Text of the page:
So, we have to ask, how does what Muslim women wear on their heads and bodies challenge secularism which requires only a separation of power? The answer is, it doesn’t.

What’s happening in France is not even thinly-veiled (haha) racism. It is out and out ‘what are you gonna do about it?’ racism. If you’re reading this, ask yourself what you’re going to do about it. If you count yourself as a feminist, ask yourself, ‘where the heck have I been and why have I not cared about the policing and criminalisation of Muslim women’s bodies the same way as I care about the policing and criminalisation of white women’s bodies?’  If you’re worried about the world and war and extremism ask yourself, ‘am I just sitting by and letting my society be segregated by the powers that be?’ If you really want Muslim women to not be oppressed, ask yourself what you’re doing about the Islamaphobia slowly becoming legitimate ideology in the West, because that Islamaphobia disproportionately hurts visibly Muslim women.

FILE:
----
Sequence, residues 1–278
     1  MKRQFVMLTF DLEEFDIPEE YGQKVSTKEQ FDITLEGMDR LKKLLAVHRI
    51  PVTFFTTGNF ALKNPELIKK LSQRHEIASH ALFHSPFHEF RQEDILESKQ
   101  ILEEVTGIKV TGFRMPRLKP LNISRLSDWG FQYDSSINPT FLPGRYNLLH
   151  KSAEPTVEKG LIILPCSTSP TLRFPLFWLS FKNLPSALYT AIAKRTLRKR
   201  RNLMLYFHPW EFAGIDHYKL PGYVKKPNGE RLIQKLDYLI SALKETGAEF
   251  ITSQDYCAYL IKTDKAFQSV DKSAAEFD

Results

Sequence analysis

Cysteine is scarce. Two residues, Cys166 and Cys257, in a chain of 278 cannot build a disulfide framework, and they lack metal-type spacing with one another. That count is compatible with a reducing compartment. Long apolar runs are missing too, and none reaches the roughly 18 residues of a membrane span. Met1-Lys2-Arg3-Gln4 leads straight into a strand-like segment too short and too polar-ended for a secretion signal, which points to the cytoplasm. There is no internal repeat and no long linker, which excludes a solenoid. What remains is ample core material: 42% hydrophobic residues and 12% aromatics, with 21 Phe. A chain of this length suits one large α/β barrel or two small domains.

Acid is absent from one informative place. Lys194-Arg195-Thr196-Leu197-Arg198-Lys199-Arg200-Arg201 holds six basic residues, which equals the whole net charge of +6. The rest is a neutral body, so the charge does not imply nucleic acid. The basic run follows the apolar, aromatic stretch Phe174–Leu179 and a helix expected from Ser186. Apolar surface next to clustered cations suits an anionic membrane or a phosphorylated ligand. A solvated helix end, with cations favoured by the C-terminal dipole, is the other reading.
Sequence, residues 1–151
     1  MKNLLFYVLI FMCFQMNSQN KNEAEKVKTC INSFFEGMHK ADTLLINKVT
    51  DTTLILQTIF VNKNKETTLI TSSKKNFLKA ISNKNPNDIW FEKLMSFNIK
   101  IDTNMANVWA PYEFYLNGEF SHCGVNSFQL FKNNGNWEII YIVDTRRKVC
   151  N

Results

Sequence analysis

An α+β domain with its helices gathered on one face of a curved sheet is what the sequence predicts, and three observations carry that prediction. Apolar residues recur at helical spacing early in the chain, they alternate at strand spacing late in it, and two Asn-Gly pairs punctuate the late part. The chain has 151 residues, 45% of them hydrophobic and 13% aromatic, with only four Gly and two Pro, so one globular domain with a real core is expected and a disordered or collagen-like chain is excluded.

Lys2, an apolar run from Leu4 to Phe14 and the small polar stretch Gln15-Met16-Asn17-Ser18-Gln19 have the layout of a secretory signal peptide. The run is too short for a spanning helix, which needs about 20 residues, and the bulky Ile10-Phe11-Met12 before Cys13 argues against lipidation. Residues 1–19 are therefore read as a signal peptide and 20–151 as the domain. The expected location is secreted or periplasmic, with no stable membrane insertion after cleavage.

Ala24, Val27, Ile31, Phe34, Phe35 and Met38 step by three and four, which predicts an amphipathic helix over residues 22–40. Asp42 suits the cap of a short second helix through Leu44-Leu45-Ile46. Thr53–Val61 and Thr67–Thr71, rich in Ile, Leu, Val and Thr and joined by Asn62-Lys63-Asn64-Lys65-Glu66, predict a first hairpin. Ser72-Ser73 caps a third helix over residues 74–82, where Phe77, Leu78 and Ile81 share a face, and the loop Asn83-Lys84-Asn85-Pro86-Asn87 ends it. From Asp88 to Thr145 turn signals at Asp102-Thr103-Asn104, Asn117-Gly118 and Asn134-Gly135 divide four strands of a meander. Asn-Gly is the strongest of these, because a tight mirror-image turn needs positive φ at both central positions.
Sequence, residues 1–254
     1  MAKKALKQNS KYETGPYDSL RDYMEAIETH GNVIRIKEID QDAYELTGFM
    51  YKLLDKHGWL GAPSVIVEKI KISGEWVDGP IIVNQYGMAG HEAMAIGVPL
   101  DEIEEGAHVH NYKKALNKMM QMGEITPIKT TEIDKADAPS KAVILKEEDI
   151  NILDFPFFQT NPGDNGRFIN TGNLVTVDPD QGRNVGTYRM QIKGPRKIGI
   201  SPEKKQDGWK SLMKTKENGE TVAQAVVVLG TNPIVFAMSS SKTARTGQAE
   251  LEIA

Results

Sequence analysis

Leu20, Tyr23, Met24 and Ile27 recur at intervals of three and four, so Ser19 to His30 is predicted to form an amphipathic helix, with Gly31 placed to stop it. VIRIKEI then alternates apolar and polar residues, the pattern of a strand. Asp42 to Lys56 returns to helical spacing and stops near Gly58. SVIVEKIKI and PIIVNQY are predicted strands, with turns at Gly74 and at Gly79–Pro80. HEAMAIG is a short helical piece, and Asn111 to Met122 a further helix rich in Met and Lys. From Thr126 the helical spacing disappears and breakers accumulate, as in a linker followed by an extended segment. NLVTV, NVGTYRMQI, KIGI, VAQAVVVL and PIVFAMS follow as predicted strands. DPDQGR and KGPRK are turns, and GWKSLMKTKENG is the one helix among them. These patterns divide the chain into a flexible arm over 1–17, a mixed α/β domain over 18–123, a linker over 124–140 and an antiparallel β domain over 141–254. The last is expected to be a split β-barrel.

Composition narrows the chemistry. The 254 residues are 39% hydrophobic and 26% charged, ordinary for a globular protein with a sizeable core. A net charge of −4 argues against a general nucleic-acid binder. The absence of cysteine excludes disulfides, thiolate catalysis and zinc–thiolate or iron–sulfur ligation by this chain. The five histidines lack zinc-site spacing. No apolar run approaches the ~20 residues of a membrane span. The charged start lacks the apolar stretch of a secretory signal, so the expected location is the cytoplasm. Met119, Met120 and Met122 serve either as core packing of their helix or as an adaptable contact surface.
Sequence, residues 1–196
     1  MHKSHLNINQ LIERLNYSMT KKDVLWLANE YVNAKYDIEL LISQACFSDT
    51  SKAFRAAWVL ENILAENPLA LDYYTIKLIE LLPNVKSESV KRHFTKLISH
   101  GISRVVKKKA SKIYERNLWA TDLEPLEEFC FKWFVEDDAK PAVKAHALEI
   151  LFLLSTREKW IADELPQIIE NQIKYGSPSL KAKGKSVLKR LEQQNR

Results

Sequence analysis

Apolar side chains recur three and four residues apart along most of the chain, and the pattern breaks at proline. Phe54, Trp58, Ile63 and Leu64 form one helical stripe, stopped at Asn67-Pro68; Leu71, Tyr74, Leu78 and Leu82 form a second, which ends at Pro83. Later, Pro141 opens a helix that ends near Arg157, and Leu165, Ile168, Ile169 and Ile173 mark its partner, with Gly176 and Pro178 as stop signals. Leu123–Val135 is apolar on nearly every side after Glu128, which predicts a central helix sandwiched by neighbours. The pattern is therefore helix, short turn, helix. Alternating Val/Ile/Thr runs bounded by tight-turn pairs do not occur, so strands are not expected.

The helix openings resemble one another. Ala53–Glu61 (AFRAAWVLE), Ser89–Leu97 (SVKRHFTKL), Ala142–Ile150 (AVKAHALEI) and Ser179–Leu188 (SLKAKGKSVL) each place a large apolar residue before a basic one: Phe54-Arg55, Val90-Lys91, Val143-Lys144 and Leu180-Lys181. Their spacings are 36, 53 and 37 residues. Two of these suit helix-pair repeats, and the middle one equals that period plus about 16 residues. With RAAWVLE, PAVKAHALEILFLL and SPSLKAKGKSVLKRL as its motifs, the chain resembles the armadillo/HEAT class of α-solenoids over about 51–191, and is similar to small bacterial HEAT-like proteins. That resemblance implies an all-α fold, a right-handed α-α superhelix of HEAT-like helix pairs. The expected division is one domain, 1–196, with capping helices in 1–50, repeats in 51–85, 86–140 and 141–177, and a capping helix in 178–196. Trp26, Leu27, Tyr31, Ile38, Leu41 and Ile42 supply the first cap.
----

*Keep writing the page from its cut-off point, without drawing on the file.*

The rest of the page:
Republished on The Independent 24 Aug 2016.

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40 thoughts on “Being Forced To Undress Is Not Exactly The Liberation I Have Longed For

  1. Reblogged this on Third Eye Avaaz and commented:
    The Brown Hijabi could not have put it any better. ‘Burkinis are “not respectful of [the] good morals and secularism” of France’: France is supposed to embody freedom and equality. What’s free and equal about forcing a woman, minding her own business, to strip lest she be sprayed/tasered/shot?

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  2. This is not White Feminism. This is not a case of ‘feminism that isn’t good enough.’ This is simple, outright Misogyny with a capital M.

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    1. I find something strange about that video. The woman seats directly on the stones, while everybody else has at least a towel; and, when the police interfers, she takes off her clothes immediately. A truly religious woman would have left. This whole story looks like a provocation.